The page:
I have not read the writings for which Mr. Foote was prosecuted. But, unless their nature has been grossly misrepresented, I cannot say that I feel disposed to intervene on his behalf.
I am ready to go to great lengths in defence of freedom of discussion, but I decline to admit that rightful freedom is attacked, when a man is prevented from coarsely and brutally insulting his neighbours' honest beliefs.
I would rather make an effort to get legal penalties inflicted with equal rigour on some of the anti-scientific blasphemerswho are quite as coarse and unmannerly in their attacks on opinions worthy of all respect as Mr. Foote can possibly have been.
[To Michael Foster]
The Egyptian exploration society is wholly archæologicalat least from the cut of it I have no doubt it is soand they want all their money to find out the pawnbrokers' shops which Israel kept in Pithom and Ramesesand then went off with the pledges.
This is the real reason why Pharaoh and his host pursued them; and then Moses and Aaron bribed the post-boys to take out the linch-pins.
That is the real story of the Exodusas detailed in a recently discovered papyrus which neither Brugsch nor Maspero have as yet got hold of.
[To Ethel (Babs)]
Dearest PabelunzaI was quite overcome to-day to find that you had vanished without a parting embrace to your "faded but fascinating" parent. I clean forgot you were goint to leave this peaceful village for the whirl of Gloucester dissipation this morningand the traces of weeping on your visage, which should have reminded me of our imminent parting, were absent.
My dear, I should like to have given you some good counsel. You are but a simple village maidendon't be taken by the appearance of anybody. Consult your fatherinclosing photograph and measurement (in inches)in any case of difficulty.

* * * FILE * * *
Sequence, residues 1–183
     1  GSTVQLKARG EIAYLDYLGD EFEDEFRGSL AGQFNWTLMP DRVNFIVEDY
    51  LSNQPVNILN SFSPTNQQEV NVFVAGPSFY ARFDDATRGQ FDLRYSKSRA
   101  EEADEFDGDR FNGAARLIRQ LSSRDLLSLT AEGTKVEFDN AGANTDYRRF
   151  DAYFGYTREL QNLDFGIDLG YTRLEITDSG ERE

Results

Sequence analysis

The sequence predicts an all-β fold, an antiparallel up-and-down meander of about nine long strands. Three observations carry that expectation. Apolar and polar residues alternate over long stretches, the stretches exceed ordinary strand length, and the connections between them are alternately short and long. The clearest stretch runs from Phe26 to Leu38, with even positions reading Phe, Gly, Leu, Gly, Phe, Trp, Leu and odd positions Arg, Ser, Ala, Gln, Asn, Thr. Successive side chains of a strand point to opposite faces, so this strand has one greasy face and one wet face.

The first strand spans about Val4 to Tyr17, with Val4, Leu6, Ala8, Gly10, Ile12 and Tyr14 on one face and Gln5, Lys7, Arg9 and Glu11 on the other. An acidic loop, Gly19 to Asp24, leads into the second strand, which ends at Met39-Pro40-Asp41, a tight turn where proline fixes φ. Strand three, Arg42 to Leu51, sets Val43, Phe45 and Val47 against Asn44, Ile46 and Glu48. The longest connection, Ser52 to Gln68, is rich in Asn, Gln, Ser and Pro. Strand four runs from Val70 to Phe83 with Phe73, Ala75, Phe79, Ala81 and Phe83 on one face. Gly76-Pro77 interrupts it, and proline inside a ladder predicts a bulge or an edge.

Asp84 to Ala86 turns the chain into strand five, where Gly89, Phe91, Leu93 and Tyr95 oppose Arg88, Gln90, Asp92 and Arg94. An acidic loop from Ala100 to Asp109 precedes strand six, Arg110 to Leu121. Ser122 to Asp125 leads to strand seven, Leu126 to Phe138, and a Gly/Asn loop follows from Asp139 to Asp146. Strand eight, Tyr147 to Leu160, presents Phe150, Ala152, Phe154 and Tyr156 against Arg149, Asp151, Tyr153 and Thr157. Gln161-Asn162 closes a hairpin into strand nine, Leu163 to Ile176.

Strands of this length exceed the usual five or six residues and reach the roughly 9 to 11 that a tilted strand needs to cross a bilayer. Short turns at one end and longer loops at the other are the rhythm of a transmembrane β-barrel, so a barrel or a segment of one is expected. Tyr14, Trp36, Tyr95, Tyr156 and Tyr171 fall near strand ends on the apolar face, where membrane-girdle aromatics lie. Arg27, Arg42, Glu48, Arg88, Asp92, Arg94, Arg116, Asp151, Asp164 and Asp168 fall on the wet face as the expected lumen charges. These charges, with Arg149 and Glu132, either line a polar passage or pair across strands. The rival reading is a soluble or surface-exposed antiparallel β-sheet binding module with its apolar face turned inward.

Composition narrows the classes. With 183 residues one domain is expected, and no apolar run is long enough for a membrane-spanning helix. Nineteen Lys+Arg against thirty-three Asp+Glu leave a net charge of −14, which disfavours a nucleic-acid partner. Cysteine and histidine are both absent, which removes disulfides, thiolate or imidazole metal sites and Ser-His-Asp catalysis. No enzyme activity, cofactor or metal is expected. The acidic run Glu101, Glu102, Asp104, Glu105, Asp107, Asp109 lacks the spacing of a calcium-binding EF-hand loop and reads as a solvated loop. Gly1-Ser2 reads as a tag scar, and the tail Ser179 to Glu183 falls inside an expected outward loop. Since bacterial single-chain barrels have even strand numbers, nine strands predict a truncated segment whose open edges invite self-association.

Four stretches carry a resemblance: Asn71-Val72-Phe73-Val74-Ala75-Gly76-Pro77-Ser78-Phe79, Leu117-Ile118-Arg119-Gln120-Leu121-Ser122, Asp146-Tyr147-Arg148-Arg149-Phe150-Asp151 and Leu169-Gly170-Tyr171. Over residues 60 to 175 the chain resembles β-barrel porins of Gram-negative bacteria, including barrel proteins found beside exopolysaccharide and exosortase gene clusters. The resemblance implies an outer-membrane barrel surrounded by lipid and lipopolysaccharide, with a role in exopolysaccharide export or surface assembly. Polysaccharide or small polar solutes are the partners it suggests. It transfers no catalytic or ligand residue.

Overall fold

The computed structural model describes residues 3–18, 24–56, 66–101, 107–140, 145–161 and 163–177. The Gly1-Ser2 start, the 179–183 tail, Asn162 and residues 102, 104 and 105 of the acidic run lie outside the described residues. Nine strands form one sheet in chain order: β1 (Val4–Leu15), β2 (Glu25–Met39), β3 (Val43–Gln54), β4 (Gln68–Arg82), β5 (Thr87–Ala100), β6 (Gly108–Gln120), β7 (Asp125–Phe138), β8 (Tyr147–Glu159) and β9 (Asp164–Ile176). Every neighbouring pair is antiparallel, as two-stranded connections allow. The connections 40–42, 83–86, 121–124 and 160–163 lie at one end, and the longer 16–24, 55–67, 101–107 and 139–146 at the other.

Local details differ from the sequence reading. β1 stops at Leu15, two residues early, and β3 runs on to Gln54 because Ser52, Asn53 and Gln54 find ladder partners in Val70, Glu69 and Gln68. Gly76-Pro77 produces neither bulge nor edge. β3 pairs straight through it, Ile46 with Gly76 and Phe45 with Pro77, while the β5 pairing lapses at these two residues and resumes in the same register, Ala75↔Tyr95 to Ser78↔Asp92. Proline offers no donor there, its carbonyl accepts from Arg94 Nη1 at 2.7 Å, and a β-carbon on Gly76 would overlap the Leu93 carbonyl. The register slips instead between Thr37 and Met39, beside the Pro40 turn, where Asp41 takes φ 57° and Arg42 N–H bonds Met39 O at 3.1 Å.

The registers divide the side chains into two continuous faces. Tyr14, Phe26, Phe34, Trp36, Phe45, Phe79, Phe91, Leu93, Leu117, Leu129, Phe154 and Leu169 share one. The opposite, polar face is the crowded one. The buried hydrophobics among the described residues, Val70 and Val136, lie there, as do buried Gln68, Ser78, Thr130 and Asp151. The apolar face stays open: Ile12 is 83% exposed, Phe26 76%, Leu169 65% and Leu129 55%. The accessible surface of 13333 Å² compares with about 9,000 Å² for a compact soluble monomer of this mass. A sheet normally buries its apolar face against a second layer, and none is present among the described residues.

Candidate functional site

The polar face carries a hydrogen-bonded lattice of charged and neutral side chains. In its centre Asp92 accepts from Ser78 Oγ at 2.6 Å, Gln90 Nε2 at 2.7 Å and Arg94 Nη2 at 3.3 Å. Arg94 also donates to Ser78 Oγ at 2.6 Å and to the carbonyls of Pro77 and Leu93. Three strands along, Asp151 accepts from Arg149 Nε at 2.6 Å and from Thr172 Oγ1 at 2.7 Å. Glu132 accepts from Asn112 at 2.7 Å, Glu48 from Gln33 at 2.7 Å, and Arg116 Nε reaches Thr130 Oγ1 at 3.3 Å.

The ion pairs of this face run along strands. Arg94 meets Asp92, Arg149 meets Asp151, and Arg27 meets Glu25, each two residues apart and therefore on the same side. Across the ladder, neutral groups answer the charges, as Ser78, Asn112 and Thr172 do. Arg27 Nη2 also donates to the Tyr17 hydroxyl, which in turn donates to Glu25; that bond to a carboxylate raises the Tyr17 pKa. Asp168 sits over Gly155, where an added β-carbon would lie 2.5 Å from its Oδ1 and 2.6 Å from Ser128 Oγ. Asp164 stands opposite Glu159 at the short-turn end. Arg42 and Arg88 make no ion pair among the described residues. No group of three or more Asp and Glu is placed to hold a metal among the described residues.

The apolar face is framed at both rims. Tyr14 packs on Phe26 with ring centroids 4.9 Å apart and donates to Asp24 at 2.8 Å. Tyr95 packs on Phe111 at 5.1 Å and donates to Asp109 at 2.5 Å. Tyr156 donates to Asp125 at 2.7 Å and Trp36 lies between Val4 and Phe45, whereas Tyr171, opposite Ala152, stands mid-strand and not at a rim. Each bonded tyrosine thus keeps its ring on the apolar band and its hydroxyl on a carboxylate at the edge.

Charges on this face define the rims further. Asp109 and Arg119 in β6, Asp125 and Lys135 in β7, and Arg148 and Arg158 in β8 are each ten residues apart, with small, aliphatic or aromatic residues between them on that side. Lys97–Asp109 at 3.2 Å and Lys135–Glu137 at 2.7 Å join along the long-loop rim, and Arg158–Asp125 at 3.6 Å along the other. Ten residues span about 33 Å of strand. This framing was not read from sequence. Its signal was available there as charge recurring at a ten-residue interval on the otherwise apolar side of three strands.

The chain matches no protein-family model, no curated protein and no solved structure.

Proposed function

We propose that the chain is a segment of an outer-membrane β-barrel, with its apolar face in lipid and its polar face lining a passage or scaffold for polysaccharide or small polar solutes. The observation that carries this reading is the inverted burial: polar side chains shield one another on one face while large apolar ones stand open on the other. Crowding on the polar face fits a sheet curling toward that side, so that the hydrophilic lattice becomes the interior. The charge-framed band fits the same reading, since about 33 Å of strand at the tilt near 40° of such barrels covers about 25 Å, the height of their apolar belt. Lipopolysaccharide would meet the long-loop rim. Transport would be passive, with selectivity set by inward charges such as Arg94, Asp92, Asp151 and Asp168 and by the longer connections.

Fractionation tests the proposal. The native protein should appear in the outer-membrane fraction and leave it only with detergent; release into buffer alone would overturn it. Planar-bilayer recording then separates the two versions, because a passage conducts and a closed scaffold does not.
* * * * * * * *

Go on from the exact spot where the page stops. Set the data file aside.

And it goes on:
Also give my love to the matron your sister, and tell her to look sharp after you. Treat her with more respect than you do your venerable P.whose life will be gloom hidden by a film of heartless jests till you return.
Item.Kisses to Ria and Co. Your desolated Pater.
My dear SpencerWhat an agreeable surprise your letter has been. I have been expecting the most awful scolding for taking more work, and behold as sweetly congratulatory an epistle as a man could wish.
Three weeks ago I swore by all my gods that I would not take the offer at any price, but I suppose the infusion of Theism was too homopathic for the oath to bind.
Go on sleeping, my dear friend. If you are so amiable with three nights, what will you be with three weeks?
What a shame no rain is sent you. You will be speaking about Providence as I heard of a Yankee doing the other day"Wal, sir, I guess he's good; but he's careless."
I think there is a good deal in that view of the government of the worldEver yours very faithfully,
T. H. Huxley.
[To Michael Foster]
It is very unlucky for me that I signed the memorial requesting the Council of University College to reconsider their decision about Mrs. Besant and Miss Bradlaugh when I was quite innocent of my possibility of holding the P.R.S.
I must go to the meeting of members to-day and define my position in the matter with more care, under the circumstances.
Mrs. Besant was a student in my teacher's class here last year, and a very well-conducted lady-like person; but I have never been able to get hold of the "Fruits of Philosophy," and do not know to what doctrine she has committed herself.
They seem to have excluded Miss Bradlaugh simply on the noscitur a sociis principle.
It will need all the dexterity I possess to stand up for the principle of religious and philosophical freedom, without giving other people a hold for saying I have identified myself with Bradlaugh.